Show Us a Sign

We know ourselves by the crumbs we leave
and the footfalls we diagram
like sentences from another room; we are torn
between clearing the evidence
of our presence, or planting it cleanly,
leaving the samovar to center the tablecloth
like a flag in the planet, every day.
When the acorns hit the roof and the first
cup of coffee sends up steam
like a kerchief, the world does not
stop grieving or warring but there is a moment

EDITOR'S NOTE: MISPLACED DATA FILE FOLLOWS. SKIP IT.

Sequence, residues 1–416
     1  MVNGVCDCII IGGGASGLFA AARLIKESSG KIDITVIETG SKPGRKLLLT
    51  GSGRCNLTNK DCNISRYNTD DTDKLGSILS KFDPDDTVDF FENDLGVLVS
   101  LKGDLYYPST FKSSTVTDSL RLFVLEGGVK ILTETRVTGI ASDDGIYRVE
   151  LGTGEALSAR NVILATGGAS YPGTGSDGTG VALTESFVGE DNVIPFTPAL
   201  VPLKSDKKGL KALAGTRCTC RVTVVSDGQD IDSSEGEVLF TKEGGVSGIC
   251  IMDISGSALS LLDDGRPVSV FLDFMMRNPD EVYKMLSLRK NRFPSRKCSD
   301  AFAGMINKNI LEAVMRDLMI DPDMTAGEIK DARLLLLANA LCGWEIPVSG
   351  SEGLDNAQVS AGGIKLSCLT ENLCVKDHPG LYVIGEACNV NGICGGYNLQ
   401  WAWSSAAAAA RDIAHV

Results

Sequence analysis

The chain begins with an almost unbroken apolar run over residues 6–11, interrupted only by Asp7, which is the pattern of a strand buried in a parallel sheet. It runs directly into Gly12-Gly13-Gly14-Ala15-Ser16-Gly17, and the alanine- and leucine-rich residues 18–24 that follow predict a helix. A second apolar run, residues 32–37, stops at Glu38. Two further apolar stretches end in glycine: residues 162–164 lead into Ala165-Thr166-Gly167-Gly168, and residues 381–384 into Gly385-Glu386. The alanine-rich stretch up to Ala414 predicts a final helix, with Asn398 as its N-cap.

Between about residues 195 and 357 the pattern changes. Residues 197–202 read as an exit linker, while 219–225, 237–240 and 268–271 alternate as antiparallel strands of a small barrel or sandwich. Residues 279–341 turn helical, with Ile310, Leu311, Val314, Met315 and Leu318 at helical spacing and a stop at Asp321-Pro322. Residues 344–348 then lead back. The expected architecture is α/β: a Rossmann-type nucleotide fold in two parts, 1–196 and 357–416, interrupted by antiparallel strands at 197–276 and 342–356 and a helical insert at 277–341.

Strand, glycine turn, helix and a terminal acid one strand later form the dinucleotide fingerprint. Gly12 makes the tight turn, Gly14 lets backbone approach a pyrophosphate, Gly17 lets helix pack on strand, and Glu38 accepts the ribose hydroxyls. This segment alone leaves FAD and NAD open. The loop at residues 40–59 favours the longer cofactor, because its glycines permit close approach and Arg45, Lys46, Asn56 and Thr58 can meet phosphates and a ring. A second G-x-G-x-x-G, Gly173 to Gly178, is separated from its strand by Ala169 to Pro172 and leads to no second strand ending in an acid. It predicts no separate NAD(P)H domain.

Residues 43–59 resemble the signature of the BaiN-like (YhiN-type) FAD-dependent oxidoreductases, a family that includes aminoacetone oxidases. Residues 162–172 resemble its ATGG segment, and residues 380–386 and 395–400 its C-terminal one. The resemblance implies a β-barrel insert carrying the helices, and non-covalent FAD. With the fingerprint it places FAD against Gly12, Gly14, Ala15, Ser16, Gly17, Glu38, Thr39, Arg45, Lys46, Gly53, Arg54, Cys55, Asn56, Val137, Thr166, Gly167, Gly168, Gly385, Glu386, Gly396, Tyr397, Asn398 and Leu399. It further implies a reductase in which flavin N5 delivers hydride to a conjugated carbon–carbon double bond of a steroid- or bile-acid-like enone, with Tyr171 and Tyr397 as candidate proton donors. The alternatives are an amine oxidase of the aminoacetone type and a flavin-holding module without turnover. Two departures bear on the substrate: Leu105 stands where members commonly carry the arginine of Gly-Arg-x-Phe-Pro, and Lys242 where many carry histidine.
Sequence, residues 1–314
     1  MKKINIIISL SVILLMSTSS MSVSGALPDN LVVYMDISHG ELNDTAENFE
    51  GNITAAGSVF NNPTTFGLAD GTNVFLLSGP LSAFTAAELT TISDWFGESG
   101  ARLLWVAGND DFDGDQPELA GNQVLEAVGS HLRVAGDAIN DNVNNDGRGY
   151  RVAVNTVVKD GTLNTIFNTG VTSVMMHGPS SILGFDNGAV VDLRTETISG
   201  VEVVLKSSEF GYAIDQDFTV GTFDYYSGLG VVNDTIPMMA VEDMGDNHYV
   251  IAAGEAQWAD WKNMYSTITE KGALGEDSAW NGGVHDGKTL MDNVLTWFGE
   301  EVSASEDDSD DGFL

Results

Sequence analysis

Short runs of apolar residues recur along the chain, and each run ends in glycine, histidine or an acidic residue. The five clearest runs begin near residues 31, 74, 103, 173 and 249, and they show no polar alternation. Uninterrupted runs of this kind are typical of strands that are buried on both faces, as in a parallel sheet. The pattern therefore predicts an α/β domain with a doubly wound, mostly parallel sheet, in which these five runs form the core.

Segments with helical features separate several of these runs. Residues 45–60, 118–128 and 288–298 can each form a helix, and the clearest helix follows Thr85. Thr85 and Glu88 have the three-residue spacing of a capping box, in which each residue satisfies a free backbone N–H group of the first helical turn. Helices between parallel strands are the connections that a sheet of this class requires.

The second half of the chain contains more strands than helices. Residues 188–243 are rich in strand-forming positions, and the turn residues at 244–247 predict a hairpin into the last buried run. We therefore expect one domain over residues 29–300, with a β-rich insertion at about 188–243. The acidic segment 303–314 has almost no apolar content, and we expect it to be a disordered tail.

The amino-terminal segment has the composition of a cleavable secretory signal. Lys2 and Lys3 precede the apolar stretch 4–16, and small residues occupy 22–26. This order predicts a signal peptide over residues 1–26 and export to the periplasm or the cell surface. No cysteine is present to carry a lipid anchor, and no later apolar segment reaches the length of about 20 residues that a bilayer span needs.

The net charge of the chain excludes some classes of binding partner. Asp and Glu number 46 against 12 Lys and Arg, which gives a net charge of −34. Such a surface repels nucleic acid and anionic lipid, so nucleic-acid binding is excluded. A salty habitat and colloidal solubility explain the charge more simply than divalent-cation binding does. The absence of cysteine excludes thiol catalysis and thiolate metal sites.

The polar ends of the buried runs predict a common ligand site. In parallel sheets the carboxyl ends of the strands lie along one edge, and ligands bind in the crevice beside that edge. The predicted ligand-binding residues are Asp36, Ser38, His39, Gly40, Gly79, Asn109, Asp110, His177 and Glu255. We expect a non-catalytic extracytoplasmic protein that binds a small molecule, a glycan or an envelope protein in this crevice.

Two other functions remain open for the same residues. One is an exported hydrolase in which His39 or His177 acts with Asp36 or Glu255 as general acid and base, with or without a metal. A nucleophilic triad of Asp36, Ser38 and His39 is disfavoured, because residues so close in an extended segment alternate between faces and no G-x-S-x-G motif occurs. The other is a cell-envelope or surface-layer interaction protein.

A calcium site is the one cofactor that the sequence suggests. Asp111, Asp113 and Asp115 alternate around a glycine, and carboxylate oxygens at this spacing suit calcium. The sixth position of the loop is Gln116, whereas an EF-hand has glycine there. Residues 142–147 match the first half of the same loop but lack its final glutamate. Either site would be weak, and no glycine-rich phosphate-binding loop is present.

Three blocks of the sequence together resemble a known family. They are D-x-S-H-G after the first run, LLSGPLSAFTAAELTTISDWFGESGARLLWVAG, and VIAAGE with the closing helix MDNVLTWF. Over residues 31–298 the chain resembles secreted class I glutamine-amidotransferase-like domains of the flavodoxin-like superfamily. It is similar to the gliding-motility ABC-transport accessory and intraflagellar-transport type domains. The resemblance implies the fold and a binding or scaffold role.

when the clown-devil squirrels and hidden-picture
birds hold sway with their entertainments,
and the noise that a penny-size seed makes
on the roof of a whole house knocks
like a message from the blameless portion —
the one our parents hoped they could deliver us to —
of the sky, with no way to answer.

Printed from Cerise Press:

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